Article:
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10 Ways to Secure WordPress Websites

WordPress-Security

Unfortunately website are liable to suffer from security risks and so any networks to which web servers are connected. Setting aside risks created by hackers or misuse of network resources, your web server and the site it hosts present your most serious sources of security risk. Website security plays an important role for anyone who has website presence. We have many following methods to secure the WordPress sites.

Modify login errors

When you type wrong username or password, it will give very detailed error message telling you exactly whether your username is wrong or password. This is a great hint for hackers but fortunately we can disable the login errors by following code:

function your custom error(){
return 'Anything you will write here will become new error messages';
}
add_filter( 'login_errors', 'your custom error' )

Never use admin as an username

First don’t use admin as an username, if you have then make it as subscriber. Subscriber has less privileges i.e can’t delete or add post and pages.

Enable 2-factor authentication

This is highly recommended. If someone gets hold of your WordPress login details, they will still need your mobile phone to get into your WordPress dashboard.

Unlike Dropbox or Google, 2-step authentication isn’t part of WordPress but you can always use the Authy plugin to enable 2-factor authentication.

Stop WordPress from guessing URLs

WordPress has habit of guessing URLs. If an user request macwill.in/con URL but if that page doesn’t exist, WordPress may redirect that user to macwill.in/contact because the URLs have some common words.

By following code you can stop wordpress to stop guessing URLs.

add_filter('redirect_canonical', 'stop_wordpress_guess_url');
function stop_wordpress_guess_url($url) {
if (is_404()) {
return false;
} return $url;

}

Disable file editing when you logged in

WordPress has the strange functionality, that user who logged in can edit files. This becomes easy for hacker that, he can write malicious code in it and destroy your whole website. By following code you can stop editor from back end.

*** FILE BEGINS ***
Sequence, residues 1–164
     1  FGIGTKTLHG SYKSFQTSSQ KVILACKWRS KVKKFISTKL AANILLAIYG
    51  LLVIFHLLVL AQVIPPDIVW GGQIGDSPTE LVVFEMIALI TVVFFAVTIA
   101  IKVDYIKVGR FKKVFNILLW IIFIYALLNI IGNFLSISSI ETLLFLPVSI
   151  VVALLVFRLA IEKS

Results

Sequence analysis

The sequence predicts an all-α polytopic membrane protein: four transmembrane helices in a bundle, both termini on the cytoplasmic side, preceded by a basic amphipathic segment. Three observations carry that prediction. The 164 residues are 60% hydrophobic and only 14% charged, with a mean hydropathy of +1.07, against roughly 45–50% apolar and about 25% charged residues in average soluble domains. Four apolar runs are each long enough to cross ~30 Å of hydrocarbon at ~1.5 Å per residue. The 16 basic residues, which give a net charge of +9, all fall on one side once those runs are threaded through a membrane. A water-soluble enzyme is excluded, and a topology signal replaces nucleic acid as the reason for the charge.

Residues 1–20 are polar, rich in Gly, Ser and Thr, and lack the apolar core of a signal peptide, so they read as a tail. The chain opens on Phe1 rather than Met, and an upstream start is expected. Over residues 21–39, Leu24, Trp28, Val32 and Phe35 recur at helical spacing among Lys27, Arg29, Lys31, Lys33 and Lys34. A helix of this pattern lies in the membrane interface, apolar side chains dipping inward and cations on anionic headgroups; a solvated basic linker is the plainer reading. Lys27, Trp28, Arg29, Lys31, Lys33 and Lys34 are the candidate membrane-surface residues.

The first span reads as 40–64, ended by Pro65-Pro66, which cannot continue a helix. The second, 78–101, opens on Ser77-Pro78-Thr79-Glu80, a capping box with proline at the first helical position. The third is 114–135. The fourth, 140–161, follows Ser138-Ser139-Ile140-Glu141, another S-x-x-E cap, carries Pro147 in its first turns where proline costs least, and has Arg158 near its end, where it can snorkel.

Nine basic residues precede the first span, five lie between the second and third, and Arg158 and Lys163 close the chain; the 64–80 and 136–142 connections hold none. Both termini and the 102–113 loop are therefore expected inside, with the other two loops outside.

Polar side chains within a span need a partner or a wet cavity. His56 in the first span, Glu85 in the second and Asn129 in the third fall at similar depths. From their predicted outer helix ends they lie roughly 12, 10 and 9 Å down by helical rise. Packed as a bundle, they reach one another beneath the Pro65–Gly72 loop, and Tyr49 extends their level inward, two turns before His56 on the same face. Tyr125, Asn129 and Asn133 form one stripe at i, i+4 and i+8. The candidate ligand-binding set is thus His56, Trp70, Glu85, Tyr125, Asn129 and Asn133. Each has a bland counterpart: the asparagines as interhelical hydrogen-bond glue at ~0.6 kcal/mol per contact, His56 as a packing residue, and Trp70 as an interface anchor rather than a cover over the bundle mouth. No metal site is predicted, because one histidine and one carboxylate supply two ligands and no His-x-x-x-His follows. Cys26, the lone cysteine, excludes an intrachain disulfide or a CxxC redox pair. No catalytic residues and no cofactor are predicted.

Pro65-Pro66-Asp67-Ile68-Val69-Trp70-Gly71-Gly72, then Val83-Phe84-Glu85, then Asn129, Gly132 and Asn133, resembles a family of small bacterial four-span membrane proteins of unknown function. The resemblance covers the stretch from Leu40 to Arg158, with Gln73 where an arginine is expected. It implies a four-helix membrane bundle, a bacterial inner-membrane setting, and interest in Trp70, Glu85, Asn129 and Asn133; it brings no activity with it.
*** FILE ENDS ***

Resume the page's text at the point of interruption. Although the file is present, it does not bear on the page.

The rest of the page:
define('DISALLOW_FILE_MODS',true);

Not allow users to install plugins, themes or doing updates

Not allow a user to edit plugin/theme files will only provide one level of security. However, this does not prevent the hacker from adding a new plugin or theme. Once the Admin Panel is compromised, the hacker can also install a rogue theme or a rogue plugin. If you do not install plugins on a regular basis, we suggest, that you disable this option altogether. This can be done by using the option:

define('AUTOMATIC_UPDATER_DISABLED', true);

Limit the login attempts

Sometimes user tries to login in your account by commonly username and password, or uses script to break your password. Then you must limit your login attempts. Limit login attempts is a plugin in that if user tries wrong login details for more than specific time, then login process must be locked out for specific time and you will get email with client IP, then you can BAN that IP address.

Disallow wp-config file

In WordPress wp-config is sensitive file. It is a best practice that disallow wp-config from back end.

 <files wp-config.php>
   order allow,deny
   deny from all
    </files>

Securing with htaccess file

Apache uses ht access to prevent unauthorized access to certain parts of the site. Since wp-config.php should never be accessed directly by anybody, and since it contains the critical database details, we should block it from ht access file too. This can be done by adding the following lines to your htaccess file:

order allow,deny
Deny from 192.168.1.1(you can use multiple IP) or
deny from all (Block all IP)

Change database prefix ($table_prefix)

The WordPress database consists of many tables to store posts, links, comments, users etc. Now these tables by default have standard names like wp_users, wp_options, wp_posts etc. Now a hacker knows that your user details are stored in the table wp_users, and will try and exploit this. We can however prevent the hacker from guessing the name of the table. To do this, while installing WordPress, we need to change the setting for $table_prefix. In your wp-config file there will be a line:
$table_prefix  = ‘wp_';
You need to change it to something random like
$table_prefix  = ‘macwill_';
This will cause the tables in the database to become macwill_users, macwill_posts etc, in turn making it harder for the hacker to guess.

- Web Developer @Macwill

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